People are often quick to automatically label various subprime cards designed for those with bad credit, a “scam” and “ripoff”. Those reviews may or may not be accurate depending on whether the person writing the review has personal experience with the product and the nature of their grievance. So, what’s the honest truth about these types of cards?
An example of an offer that receives a lot of negative reviews online is Net First Platinum. Is it a legitimate credit card offer? You will certainly see a lot of complaints posted in reviews and forums by consumers, as well as a couple glowing reviews by websites just happen to advertise Net First Platinum, so who’s to be believed? Is it a real credit card?
Their dirty little secret…They tell you that you will get a “guaranteed $500 unsecured credit limit” with no credit check. But if you think that’s for a credit card with a $500 limit, think again. “Net First” is not a bank and they’re not even offering you a real general purpose Visa/MasterCard/AmEx/Discover card.
What they’re actually providing is a line of credit that you can spend only one place; thehorizonoutlet.com. This is a website they own which sells drastically overpriced merchandise. That probably wasn’t what you were thinking it was, right?
But do you think this $500 line of credit they tout at the top of the application is free? Not quite…
- $19.95 per month fee (that’s $239.40 per year): They charge you this for a so-called “benefits” plan as soon as you activate the card. The benefits in my opinion are just a bunch of hot air and aren’t worth the paper they’re printed on.
- You might be overpaying for merchandise big time: I can’t tell you exactly how much their items costs since you need an active account to login to the store. But based on the reviews I’ve read, the prices sound excessive and on top of that there are ridiculous shipping fees and processing fees which are tacked on. Long story short, it’s almost a certainty that you could buy the same merchandise a lot cheaper elsewhere (like Walmart, Big Lots or online through Amazon.com). So sure, you’re getting $500 worth of spending power, but what’s the real retail value of the stuff you’re getting in return? Probably significantly less than that.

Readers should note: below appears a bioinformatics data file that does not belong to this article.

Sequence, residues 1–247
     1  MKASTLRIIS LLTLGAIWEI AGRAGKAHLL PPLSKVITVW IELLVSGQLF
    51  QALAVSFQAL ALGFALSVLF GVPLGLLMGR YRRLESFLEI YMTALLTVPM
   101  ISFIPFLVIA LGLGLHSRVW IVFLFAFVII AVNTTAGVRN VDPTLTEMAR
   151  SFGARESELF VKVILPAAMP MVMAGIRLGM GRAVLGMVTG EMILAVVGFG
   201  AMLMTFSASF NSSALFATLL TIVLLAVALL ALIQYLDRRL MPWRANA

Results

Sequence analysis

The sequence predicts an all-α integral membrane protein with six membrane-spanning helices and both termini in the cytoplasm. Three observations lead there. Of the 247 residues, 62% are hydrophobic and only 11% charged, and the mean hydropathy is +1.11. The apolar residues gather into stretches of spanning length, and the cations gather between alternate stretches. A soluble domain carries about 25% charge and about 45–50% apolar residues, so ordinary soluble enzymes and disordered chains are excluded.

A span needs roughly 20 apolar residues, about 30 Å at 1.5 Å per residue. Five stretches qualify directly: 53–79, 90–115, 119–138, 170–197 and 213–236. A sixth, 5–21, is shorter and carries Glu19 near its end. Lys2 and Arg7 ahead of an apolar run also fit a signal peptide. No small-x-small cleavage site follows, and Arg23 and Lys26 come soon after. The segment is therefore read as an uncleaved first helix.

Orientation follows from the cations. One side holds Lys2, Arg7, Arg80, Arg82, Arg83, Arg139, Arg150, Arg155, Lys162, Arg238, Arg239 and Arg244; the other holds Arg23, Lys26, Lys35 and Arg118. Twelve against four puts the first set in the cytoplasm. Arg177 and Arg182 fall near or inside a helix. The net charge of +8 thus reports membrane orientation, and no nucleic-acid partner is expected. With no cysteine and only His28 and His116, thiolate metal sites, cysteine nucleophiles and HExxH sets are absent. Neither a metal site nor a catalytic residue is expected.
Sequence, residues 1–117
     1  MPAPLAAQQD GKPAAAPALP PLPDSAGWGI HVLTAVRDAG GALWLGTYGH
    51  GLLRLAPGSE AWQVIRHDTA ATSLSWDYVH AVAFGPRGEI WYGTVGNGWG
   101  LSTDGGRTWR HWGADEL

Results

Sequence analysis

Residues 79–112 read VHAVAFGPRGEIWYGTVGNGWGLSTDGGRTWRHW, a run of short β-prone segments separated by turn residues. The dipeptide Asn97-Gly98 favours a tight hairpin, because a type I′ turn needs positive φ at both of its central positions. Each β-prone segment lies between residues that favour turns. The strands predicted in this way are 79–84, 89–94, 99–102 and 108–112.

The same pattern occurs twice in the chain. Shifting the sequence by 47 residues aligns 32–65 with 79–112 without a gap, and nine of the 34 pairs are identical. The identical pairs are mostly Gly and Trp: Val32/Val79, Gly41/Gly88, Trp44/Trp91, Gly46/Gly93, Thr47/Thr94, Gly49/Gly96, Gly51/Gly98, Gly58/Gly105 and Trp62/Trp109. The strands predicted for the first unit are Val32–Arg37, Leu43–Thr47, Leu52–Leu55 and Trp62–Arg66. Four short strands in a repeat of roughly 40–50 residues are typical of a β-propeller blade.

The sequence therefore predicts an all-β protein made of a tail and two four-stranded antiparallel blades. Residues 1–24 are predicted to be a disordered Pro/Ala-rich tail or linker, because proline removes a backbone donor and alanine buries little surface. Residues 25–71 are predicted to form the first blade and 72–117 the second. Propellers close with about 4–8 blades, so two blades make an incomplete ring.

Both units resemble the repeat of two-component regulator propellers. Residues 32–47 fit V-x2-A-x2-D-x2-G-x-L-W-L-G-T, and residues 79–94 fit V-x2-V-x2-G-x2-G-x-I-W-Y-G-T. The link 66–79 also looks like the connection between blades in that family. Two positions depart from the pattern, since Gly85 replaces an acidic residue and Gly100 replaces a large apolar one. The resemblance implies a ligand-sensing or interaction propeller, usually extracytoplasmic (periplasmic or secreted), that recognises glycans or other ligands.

Is this a sucker deal?
In a nutshell, yes, since you’re paying $239.40 per year for the ability to buy up to $500 in overpriced merchandise that also comes with excessive shipping and processing fees. Worth it? Big fat no!
Now in defense of Net First Platinum, they don’t explicitly claim to be an actual credit card. At the top of their website they have a so called “pre-acceptance disclosure” which outlines how their program operates. But it doesn’t seem like that they actually want you to read this because the text is exceptionally difficult to read: it’s placed over a striped grey background and they only show a few lines of text at once. In order to read it you will have to do a lot of scrolling and eye squinting. But sure enough, they tell you the truth in this disclosure that they’re not a bank (the blue highlight was added by me):
That explains why I wasn’t able to find Net First Platinum bank when I searched online through Google. It’s a name that sounds like a bank, but it is one! Neither is it a credit card issuer or any other type of lender. It’s just a random company that has it’s own line of credit with a bank somewhere and they’re jacking up the cost of funds to unsuspecting consumers that don’t realize they have other options.
Since they’re not technically a credit card, apparently that excludes them from having to show the Schumer box, which is the clear black and white table of fees and interest rates you will see on real credit card applications.